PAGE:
When — after months of debate and a postponement due to the pandemic — the Sarasota County Board of Commissioners approved a special tax district in July 2021 to generate a dedicated funding stream for mental health services, the local behavioral health community cheered. was.
In a state that has long ranked near the bottom of the nation in per capita spending on mental health, it was a proactive and innovative approach that placed Sarasota at the forefront of responding to the growing mental health needs that have been fueled by the pandemic. Everything happens for a reason. to the economy.
Recognizing that they had the mandate but not the expertise to determine the best distribution of those tax dollars, the commissioners hired behavioral health experts to identify the biggest gaps in local services and set priorities for those proposals. Convened a task force that would have the largest and most immediate impact.
It took more than a year for the board to accept the task force’s findings, after which it appointed a seven-member Behavioral Health Advisory Council (BHAC) to try and assess funding requests from local providers. Between July and September of this year, those council members diligently evaluated 35 proposals, visited sites and determined which best met the criteria accepted by the commission.
Two weeks ago, BHAC President Andrea Blanche, a Ph.D. The psychologist and longtime mental health advisor returned to the commission chambers to present the Council’s recommendations on funding 31 human services programs and mental health priorities for a total of $9.8 million for fiscal year 2023. Priority – Increase access to psychiatric outpatient care – None of the proposals provided.
Blanche got less than halfway through her presentation before she was cut off by a stream of objections, most notably from two commissioners – Mike Moran, who proposed the tax district in the first place, and outgoing commissioner Christian Ziegler. – questioned the validity and legality of. He himself approved the selection process.
Ziegler, who is also the vice chairman of the state Republican Party and has decided not to seek re-election, suggested that insufficient vetting was done on providers requesting the money. While he didn’t name the one nonprofit he singled out as a “bad organization,” it didn’t take a genius to identify it as ALSO Youth, which has worked for 30 years to support LGBTQ teens and young adults. The community is supported and served – a mental health crisis and a population at particularly high risk for suicide.
his objection? “This organization” had “worked to exclude parents from discussing the sex of their children,” protested the government. Ron DeSantis’s Parents Rights in Education Act (the so-called “Don’t Say Gay” bill) and supported events like the recent Venice Pride Festival.
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“It’s an organization . . . I don’t think I share the values of this community,” said Ziegler, whose wife, Bridget, co-founder of Moms for Liberty, was recently named Sarasota County School Director. DeSantis was re-elected after the board endorsed him. “…I’m furious to see him here.”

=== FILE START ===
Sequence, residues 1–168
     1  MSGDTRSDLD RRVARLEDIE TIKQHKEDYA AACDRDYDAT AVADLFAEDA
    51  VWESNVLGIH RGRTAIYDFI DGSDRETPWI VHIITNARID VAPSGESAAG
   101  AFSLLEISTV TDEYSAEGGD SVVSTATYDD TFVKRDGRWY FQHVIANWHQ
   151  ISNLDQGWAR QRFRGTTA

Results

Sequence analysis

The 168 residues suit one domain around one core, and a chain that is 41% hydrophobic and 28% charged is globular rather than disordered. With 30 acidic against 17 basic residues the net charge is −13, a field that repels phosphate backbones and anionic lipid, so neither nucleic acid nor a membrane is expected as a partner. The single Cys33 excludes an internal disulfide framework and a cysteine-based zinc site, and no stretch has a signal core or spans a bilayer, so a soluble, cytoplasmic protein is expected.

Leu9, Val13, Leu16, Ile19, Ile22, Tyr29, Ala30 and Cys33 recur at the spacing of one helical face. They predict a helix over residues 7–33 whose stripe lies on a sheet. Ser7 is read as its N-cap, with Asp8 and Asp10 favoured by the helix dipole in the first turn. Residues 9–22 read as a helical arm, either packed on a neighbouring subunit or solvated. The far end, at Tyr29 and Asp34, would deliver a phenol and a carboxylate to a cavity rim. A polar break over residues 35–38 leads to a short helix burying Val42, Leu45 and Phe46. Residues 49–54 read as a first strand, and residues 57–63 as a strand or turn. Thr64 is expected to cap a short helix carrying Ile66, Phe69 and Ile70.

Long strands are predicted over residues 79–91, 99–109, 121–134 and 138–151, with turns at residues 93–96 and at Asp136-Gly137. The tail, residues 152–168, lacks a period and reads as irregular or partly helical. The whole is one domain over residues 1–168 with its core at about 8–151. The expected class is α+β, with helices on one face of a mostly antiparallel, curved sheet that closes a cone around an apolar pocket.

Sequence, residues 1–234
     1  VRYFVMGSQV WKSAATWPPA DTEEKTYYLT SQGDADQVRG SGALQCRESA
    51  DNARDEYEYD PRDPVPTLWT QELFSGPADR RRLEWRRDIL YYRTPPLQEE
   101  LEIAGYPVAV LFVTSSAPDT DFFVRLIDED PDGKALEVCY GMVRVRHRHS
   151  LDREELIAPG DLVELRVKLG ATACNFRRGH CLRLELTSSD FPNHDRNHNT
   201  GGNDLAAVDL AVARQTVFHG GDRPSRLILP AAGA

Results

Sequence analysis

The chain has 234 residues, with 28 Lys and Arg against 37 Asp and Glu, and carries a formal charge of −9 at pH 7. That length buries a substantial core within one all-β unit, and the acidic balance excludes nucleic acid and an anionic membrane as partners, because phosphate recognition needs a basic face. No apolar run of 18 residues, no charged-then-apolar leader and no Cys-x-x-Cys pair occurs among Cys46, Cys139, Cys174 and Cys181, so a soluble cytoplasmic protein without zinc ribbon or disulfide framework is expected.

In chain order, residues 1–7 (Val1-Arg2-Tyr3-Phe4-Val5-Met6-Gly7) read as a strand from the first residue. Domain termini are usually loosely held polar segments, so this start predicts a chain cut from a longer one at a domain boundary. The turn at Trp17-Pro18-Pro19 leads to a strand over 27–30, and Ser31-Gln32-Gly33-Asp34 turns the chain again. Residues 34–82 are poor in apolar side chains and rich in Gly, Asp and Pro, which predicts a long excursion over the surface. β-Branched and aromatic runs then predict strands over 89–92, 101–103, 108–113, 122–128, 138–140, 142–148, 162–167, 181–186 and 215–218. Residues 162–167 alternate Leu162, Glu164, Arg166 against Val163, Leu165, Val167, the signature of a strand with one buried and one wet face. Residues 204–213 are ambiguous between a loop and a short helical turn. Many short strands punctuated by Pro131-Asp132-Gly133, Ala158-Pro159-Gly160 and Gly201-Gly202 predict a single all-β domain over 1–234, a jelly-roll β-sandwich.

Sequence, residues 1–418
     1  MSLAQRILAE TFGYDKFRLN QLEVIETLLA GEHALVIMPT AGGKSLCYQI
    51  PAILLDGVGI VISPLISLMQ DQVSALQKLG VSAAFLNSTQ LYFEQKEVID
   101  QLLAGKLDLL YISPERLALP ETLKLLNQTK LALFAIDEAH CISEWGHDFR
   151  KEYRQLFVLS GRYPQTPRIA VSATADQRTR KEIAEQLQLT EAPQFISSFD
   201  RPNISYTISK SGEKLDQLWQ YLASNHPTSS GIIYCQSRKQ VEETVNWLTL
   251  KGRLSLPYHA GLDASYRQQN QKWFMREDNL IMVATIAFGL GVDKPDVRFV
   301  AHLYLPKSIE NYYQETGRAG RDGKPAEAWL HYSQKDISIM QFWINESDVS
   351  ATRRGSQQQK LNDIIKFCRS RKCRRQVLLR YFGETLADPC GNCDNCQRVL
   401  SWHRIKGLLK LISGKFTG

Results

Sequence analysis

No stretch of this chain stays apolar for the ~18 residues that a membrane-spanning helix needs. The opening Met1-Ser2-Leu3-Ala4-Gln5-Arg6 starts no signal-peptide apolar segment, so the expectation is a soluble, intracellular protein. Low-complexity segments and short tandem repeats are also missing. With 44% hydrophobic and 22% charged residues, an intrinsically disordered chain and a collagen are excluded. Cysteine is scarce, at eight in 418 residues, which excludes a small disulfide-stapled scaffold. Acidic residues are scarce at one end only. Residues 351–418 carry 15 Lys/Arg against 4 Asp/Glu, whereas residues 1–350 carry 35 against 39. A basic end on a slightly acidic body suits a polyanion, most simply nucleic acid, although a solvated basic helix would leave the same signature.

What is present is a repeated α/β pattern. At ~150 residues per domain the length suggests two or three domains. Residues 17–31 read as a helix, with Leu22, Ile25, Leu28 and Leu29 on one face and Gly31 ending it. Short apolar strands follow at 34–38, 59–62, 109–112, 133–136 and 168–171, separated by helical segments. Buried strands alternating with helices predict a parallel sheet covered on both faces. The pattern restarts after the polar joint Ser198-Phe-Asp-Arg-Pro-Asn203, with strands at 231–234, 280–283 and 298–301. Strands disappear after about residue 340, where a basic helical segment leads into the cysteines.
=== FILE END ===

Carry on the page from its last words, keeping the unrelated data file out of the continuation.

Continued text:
Moran’s protest was directed towards proposals that were rejected for not meeting the priority of the task force to which they applied. Though he was also careful to refrain from naming, one of those organizations just happened to be Teen Court — which Moran’s wife Lori serves as COO.
Blanche never finished. After much debate, Chairman Al Mayo concluded “the answers the commission is receiving are not sufficient to satisfy us.” The board then voted to postpone accepting any recommendations until the new incoming commissioners – Mark Smith and Joseph Neander – sat down and held a January workshop to bring them “up to speed” and reconsider the selection process. Could have gone
Needless to say, both the members of the advisory council and the organization requesting the money were not happy.
The previously funded behavioral health providers have been operating without a contract since October 1, when their fiscal year began. (They are reimbursed in arrears for services rendered.) Since no action would leave them completely without funds, the commissioners voted to release a third of the 2023 funds to honor their contracts. Can be extended till the end of January. But postponements and in limbo affect their ability to budget, plan or implement new programming and possibly require rewriting of all contracts more than once.
Members of the advisory council, who have donated 526 volunteer hours over the past six months to promote a behavioral health budget that hadn’t seen an increase in a decade, were also disappointed. Although Blanche later diplomatically called the postponement “a road bump, not something that should derail us from our greater mission,” others said they felt “slapped” and “ignored.”
A frustrated Jennifer Johnson, director of community leadership for the Gulf Coast Community Foundation, who has spent five years working on the issue, asked bluntly, “When do we take action?”
The need to increase mental health services is more urgent now than it was in 2019 when Moran first proposed the tax district. Affected by the pandemic, the economy and Hurricane Ian, rates of depression, anxiety and suicide among young people have increased. While the board kicks it can down the road people are still suffering and yes, even dying.
It is extremely disappointing for the commissioners to delay further after a painstaking years long process guided by some of the most knowledgeable mental health experts in our field. It is unconscionable for them to do so because of their own political prejudices and personal relationships.
Contact Carrie Seidman at [email protected] or 505-238-0392.